I camped at Balch Park near Sequoia National Park in California, USA to rest my weary self under the canopy of the giant sequoias and redwood trees. I was seeking enjoyment in a peaceful environment away from the busyness and traffic of life. I thought nothing could bring me greater joy than to experience the forests, lakes, and mountains. . . I was wrong.
My friend Steve had invited me to join him and his family on a camping trip. I loved the idea, accepted his invitation, and drove up the mountain to the most enchanted campground I’d ever seen. It was breathtaking scenery of lush evergreens and giant conifers, the kind of images I might see in a magazine or a movie.
Just sitting on the tailgate of my truck, I let the forest sights, sounds, and smells come to me.
Enjoyable, yes, but then I walked down to Steve’s campsite and fell into conversation with my friend, his son, and his granddaughter. Suddenly, my enjoyment elevated to an entirely higher level. Our talk, punctuated with boisterous laughter and entertaining words overflowed my “enjoyment bucket.”
When I finally hiked back to my campsite that evening, I thought why did I feel so happy? What brought on so much joy? Surely, I thought the forest setting would, and it did, but not as satisfying as the conversation with my friend and his family. I observed other campsites on the way back. All of them filled with people around a campfire, all involved in the conversation, or games, or eating, and I could sense their enjoyment.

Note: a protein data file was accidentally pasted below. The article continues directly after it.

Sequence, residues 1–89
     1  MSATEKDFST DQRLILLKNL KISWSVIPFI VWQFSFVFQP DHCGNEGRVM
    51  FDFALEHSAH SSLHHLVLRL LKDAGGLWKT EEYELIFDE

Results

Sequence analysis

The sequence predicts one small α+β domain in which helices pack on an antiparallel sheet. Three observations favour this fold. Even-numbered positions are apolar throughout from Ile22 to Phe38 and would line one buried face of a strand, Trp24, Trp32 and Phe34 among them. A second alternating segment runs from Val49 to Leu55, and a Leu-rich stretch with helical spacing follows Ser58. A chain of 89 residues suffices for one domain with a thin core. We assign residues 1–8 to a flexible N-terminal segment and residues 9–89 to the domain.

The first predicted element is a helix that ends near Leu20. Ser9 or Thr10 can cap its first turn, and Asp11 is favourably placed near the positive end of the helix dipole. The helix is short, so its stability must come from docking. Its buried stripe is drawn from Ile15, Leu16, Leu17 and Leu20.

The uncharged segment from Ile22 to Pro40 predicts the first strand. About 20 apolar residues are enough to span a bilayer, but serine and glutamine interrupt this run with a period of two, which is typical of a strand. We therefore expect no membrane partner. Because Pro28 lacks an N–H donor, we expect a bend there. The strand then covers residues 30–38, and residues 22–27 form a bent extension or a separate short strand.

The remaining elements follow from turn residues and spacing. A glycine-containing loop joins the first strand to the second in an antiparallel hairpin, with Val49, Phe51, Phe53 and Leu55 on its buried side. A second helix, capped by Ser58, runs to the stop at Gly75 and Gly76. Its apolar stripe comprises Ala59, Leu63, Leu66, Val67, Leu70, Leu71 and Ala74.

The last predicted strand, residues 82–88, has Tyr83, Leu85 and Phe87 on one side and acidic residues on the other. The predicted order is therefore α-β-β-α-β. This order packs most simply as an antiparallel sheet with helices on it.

I had to admit to myself that as perfect as this camping experience was, my truest enjoyment came through the conversations with the people around me.
I pondered this back at my camp sitting alone stirring my campfire, millions of stars overhead, the scent of forest pine and campfire smoke heavy in the air. Yes, the camping experience and environment were enjoyable, but my conversations with Steve and his family at their campsite were the highlight of that enjoyment.
I looked at the now darkened sequoias around me and listened to the silence, but there was a hollowness in the silence. I had my book, food, fire, and solitude and these brought me peace, yes, but joy?
The sequoia trees around me, majestic, towering, and massive, looked so independent, but even they are connected to one another. According to the latest research, trees communicate connecting root systems and working together to help their genus survive. One study in British Columbia found one tree connected to 48 others nearby.
For humans, it turns out there is compelling evidence that proves the link between more frequent and deeper social interactions and a person’s well-being. In a study done by the University of Davis in California, USA, and the University of Victoria in British Columbia, Canada, researchers Jessie Sun, Kelci Harris, and Simine Vazire explored the elements of what makes people feel good: people interaction or solitude and does quiet time or social time have more benefit.
In a report titled Is Well-Being Associated with the Quantity and Quality of Social Interactions? Researchers explored people’s interactions on different levels and found a person’s well-being was raised on almost all social interactions, even the fake conversations, had some benefit. The researchers also found even introverts that dislike large gatherings still felt a higher well being after these gatherings.
From the research and my own experience, I realized I needed to connect more to people. I wondered about which conversations brought me the most enjoyment in life.